A successful transition into AP

Tailored music sessions acted as a catalyst for building confidence, which saw a previously disengaged student go on to make good progress in core subjects and achieve 100% attendance.

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The core purpose of our AP outreach programmes is to re-engage students in their learning and, wherever possible, supporting them and their school to maintain their place in mainstream education. However, in some instances it is necessary for students to transition into AP for a period of time in order for their needs to be best met. This case study explores the journey from outreach to AP transition for a Year 9 student.

After a partnership agreement had been made with the home school, staff from Olive AP Academy - Suffolk carried out a deep dive of the identified pupils’ historic safeguarding and SEND information and arrangements to determine how best to support this individual.

The package of support for the child featured in this case study was initially focused on pillar two of our outreach continuum but at the end of the AP outreach programme we were working towards transition into AP (pillar 4), demonstrating the flexibility in our approach in order to fully support individuals.

Continuum for OA Sf transition case study
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The challenges

The deep dive identified several challenges for the school, including with a group of key stage (KS) 3 students:

  • Inconsistency in the way staff support students with SEND.
  • There was an established culture among many KS3 students of habitual conflict and sexualised harassment. The student who is the subject of this case study, was a one of six male students in years 7 and 9 who were regular initiators of conflicts with peers.
  • This student is in Year 9 and has an EHC plan. He has learning difficulties, and this makes him susceptible to influence by others. He tends to be very tactile and unaware of how this may make other people feel and react.
  • His engagement in learning was weak. He had a tendency to refuse tasks and walk out of the classroom if challenged.
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The solution

The Mini-PATH (Planning Alternative Tomorrows with Hope) meeting is a central component of our AP outreach offer in Suffolk. It is an effective, evidence-informed, participatory, needs assessment meeting that staff at OA-Sf are skilled in running with students. This approach was used to build a broad understanding of the student’s interests, motivations and needs. The summary produced sets out positives to build on, challenges to accept and ambitions and dreams to work towards, with both the student and all adults involved committing to support the process.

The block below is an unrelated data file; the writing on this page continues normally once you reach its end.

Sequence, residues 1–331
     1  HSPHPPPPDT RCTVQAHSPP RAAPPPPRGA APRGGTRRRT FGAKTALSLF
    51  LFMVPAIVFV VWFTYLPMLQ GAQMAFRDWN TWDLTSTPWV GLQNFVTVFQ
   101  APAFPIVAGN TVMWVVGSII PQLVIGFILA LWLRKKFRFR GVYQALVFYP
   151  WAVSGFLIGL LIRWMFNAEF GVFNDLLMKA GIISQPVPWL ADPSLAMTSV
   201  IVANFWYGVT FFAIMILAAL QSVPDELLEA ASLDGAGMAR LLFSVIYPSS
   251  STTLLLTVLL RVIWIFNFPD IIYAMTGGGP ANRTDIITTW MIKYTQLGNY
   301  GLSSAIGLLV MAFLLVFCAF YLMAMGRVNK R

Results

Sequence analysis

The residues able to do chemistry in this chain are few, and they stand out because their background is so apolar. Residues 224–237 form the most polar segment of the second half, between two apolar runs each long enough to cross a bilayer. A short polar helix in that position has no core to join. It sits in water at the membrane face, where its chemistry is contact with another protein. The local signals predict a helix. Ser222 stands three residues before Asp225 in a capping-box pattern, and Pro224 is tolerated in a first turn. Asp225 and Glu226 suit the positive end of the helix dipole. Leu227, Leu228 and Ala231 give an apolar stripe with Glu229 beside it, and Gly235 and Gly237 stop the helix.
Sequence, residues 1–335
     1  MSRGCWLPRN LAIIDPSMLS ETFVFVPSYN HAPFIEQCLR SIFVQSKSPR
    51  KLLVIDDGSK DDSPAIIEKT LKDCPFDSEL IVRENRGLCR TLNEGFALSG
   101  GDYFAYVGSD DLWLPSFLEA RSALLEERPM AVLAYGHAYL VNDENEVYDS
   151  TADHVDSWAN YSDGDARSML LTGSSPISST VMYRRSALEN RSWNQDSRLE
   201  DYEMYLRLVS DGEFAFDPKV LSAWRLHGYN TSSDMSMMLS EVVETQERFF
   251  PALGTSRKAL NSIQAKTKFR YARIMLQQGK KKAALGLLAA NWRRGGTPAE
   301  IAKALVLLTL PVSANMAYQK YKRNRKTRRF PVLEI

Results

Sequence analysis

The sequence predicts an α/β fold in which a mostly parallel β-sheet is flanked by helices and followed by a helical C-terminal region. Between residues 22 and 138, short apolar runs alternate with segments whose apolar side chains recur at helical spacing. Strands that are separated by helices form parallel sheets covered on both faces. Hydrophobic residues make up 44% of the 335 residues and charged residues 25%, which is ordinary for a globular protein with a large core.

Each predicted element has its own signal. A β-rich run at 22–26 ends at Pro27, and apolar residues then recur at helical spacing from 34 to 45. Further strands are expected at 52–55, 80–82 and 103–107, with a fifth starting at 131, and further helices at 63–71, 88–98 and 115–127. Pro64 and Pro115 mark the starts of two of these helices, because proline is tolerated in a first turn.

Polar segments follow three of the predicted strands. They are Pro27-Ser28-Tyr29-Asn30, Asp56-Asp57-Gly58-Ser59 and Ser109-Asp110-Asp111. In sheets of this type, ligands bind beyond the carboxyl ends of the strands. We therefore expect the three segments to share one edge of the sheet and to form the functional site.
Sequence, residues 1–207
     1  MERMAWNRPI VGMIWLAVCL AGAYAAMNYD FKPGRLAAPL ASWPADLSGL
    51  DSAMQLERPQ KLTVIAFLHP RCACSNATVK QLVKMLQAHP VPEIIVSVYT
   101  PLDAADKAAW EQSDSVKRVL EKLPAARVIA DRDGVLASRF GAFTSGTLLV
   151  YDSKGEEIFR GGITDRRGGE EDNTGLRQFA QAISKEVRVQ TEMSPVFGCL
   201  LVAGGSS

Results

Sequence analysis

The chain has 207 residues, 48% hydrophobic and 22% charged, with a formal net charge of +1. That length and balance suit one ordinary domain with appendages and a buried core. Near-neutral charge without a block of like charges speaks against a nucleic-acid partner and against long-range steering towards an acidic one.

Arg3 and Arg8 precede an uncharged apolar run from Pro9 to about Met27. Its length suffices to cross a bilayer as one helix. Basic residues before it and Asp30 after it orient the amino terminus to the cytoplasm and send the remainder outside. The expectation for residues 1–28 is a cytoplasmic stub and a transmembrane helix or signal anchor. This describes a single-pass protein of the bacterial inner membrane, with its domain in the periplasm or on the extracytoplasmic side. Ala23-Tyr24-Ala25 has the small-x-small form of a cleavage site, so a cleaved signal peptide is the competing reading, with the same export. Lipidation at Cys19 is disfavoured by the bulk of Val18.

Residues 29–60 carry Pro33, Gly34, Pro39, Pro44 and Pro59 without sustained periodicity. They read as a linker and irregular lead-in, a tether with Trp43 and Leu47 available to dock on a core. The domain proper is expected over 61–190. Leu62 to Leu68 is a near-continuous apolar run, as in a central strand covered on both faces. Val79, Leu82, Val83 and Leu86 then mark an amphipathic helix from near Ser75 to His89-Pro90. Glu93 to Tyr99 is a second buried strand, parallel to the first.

An anonymised example of a mini-PATH summary is below:

OA Sf Mini PATH example
  • During the mini-PATH meeting, a picture of the student’s impulsive behaviours and SEND-related misunderstandings were pieced together, including his naivety about how his peers might react to his tactile nature. He also confirmed significant gaps in his learning from previous years and very low confidence in written work.
  • Part of the agreement was for the student to join a group of five other KS3 students on a part-time, AP outreach programme: two days per week at OA-Sf for a term and a half.
  • There were similar learning needs across the group, as well as their individual goals. The programme had activities to develop self-confidence and self-efficacy plus building trust and relationships. The student was really positive about the tailored learning in music, and this acted as a catalyst for his confidence, which saw him start to make good progress in English and maths as well.
  • Weekly liaison between OA-Sf and the home school about progress and challenges in both settings took place throughout. Towards the end of the programme, the meetings moved on to planning the adaptations and tailored learning necessary for the student’s successful reintegration full-time to the home school.
  • Also, support and advice were offered to the home school to improve the RSHE curriculum, especially content on sexual harassment and consent.
OA Sf Transition case study
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The impacts

The student’s enjoyment of music has been an important ingredient to build his interest and confidence in learning. His engagement in lessons and in learning has improved considerably. He also used Zones of Regulation strategies to deal with challenges from staff and to think about how he approached his peers.

The home school was unable to commit to the adaptations necessary for a successful reintegration so a joint decision was made with the local authority to admit this student full-time to Olive AP Academy - Suffolk, with the intention of reintegrating to a new mainstream school during year 10. The arrangement has been incredibly positive for this student with 100% attendance and good engagement when learning English and maths, and also in our enrichment curriculum.

Ellen Watson

Head of Academy, Olive AP Academy - Suffolk

By taking the time to get to know this pupil we soon discovered his love for music and were able to provide music workshops which offered an outlet for some of his emotions, as well as opportunities to experience success. These successes led him to grow in confidence which fed into other areas of learning across the curriculum.

For more information about Olive Academies' AP outreach offer, please contact us:

T: 01708 982624

E: info@oliveacademies.org.uk

Our commitment

In line with the DfE’s SEND and AP Improvement Plan, Olive Academies is committed to working with local mainstream schools to help them better support pupils before exclusion is considered.

Find out more about our approach